New bill calls for permanent, renewed pipeline between federal unions, management

Revoked during the Trump administration, a shiny new Federal Labor-Management Partnerships Act would supercharge comity.

  • A pair of Senate and House Democrats is calling for a more permanent path forward for better relationships between federal unions and management. Rep. Jamie Raskin (D-Md.) and Sen. Brian Schatz (D-Hawaii) introduced the Federal Labor-Management Partnerships Act Thursday. If enacted, the legislation would make labor-management forums a permanent staple for the federal workforce. The lawmakers said the forums can help resolve employee concerns before they escalate. The new bill comes after President Biden signed an executive order earlier this month to re-establish the forums, after they were temporarily revoked during the Trump administration.
    (Federal Labor-Management Partnerships Act - Rep. Jamie Raskin (D-Md.) and Sen. Brian Schatz (D-Hawaii) )
  • Congress is moving ahead with plans to cut the IRS’ modernization funding. Lawmakers, as part of a spending deal for the rest of fiscal 2024, are making good on a promise to cut $20 billion of funding the IRS received in order to rebuild its workforce and upgrade its IT systems. The agency still has roughly $60 billion of multi-year modernization funds left. The Biden administration agreed to these cuts last year, as part of a deal with congressional Republicans to lift the debt ceiling and avoid a default on government debts. The spending deal also locks in the IRS’ current budget for day-to-day spending.
  • The Senate has brought the funding hammer down on centralized IT modernization accounts in 2024. Senate appropriators cut all three accounts that help fund governmentwide IT modernization efforts. In the final set of the 2024 spending bills, lawmakers not only zeroed out the Technology Modernization Fund account for this year, but rescinded $100 million from previous years' appropriations. The Senate also reduced the allocation for the Federal Citizen Services Fund by $15 million for this year, and the Office of Management and Budget's IT Oversight and Reform Fund saw a $6 million cut. The lawmakers were not done with the ITOR fund, as they also rescinded $10 million given to the U.S. Digital Service under the American Rescue Plan Act.
  • Congress is looking for even more details from agencies on their telework policies. The government spending agreement this week lays out six new requirements for sharing data on returning federal employees to the office. Within 90 days, the Office of Management and Budget would have to turn over all agencies’ return-to-office “action plans,” lawmakers said. Agencies would also have to report to Congress on their use of office space, and employee productivity. An OMB memo, now almost a year old, told agencies to start mandating in-person work for feds at least 50% of the time.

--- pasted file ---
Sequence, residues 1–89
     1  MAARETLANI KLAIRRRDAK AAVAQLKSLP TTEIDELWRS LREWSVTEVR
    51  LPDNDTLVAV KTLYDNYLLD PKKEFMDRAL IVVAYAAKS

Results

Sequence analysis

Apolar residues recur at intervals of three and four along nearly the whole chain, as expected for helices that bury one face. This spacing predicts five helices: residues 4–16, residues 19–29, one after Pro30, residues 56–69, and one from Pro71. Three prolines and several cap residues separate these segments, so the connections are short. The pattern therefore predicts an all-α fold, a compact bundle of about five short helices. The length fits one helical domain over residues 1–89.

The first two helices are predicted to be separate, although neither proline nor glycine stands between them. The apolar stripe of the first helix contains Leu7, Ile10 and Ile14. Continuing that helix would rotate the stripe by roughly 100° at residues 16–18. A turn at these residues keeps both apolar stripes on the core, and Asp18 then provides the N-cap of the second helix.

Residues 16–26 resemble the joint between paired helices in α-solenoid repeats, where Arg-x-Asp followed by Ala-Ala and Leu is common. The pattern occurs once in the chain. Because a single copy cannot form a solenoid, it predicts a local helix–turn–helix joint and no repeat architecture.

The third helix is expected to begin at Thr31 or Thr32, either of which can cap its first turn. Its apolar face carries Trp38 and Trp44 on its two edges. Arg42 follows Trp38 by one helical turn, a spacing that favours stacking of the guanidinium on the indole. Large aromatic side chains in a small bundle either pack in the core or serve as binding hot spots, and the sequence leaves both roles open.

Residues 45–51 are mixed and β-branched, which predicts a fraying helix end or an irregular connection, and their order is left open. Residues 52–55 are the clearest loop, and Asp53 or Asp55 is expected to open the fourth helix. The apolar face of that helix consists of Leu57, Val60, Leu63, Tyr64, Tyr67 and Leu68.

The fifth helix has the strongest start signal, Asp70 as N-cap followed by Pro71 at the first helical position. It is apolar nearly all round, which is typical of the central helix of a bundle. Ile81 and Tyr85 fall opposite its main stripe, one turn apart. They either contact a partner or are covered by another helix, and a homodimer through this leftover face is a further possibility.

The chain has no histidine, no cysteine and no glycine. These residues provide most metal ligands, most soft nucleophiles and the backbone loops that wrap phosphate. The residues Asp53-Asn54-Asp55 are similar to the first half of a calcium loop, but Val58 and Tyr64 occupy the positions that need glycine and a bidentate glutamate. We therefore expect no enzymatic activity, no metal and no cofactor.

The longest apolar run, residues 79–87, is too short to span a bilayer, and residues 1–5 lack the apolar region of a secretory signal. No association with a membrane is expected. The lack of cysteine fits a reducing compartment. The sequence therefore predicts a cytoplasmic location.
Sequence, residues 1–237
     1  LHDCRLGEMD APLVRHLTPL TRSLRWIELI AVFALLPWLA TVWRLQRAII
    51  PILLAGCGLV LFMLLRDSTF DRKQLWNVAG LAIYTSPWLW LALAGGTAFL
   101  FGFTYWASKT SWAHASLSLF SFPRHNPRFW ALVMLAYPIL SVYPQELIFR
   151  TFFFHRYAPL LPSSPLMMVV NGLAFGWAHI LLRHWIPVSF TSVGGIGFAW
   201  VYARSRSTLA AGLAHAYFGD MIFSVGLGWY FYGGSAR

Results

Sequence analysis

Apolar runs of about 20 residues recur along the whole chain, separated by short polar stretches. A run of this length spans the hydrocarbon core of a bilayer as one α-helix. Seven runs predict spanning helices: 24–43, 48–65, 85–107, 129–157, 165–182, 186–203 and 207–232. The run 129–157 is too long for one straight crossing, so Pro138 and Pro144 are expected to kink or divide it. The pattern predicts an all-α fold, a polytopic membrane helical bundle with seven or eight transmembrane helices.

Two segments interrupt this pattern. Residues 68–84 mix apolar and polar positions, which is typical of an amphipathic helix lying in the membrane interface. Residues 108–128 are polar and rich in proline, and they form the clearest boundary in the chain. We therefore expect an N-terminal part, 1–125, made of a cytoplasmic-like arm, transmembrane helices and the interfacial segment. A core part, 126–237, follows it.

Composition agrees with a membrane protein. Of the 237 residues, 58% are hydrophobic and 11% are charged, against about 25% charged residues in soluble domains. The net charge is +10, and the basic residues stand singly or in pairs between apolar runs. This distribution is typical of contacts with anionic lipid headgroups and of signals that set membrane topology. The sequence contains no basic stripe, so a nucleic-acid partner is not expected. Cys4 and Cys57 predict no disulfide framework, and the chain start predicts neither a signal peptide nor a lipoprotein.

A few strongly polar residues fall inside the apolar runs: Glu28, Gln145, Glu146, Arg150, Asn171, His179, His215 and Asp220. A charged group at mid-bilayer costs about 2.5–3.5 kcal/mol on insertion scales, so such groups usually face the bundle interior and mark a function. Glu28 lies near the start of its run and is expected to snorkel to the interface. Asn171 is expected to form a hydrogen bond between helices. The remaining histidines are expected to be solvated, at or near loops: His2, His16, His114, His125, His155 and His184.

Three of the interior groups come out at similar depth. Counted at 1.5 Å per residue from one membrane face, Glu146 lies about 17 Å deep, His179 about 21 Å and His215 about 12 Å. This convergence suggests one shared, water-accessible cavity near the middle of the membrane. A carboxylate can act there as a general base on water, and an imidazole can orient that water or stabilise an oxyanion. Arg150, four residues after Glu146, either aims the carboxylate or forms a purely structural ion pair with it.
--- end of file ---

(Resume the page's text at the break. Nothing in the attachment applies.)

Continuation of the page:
• The Defense Innovation Unit could get a major funding boost. Congressional appropriators proposed an increase of $840 million for DIU in the 2024 budget. The compromise version of the defense spending bill also requires the agency to provide Congress with details on the infrastructure, staffing and authorities the agency will need in the future. DIU was created to bring innovative and promising technologies into the Pentagon faster.
  • Congressional appropriators reduced the Space Force’s procurement account from $4.7 billion to $4 billion. They also reduced the service’s research and development account from $19 billion to $18.6 billion. The bill cuts funding from the IT, data analytics and digital solutions efforts. But the Tactically Responsive Space program got a boost in the 2024 budget. The House and Senate are expected to vote on the bill today.
  • The White House kicked off a new effort to change the perception that agencies don't listen to public feedback and aren't transparent in their decisions. The Office of Management and Budget released a request for information to gather input on the experiences of individuals and organizations, including from underserved communities, in how they inform federal decision-making and participate in engagement activities. OMB will use this feedback to help develop a governmentwide framework, common guidelines and leading practices for public participation and community engagement. OMB will hold listening sessions with the public over the next month as part of how it will gather responses to the RFI, which are due by May 17.
  • Americans will be waiting another six years until the next Census, but the top Democrat on the Senate Homeland Security and Governmental Affairs Committee is looking for a status update. Committee Chairman Gary Peters (D-Mich.) is asking the Government Accountability Office to review the Census Bureau’s preparations for the 2030 count in order to study potential risks, such as effectively hiring the large number of people needed to do the counting, managing IT and cybersecurity challenges, and following up with households that don’t respond.
    (Peters calls on GAO to conduct oversight of 2030 Census preparations - Senate Homeland Security and Governmental Affairs Committee)

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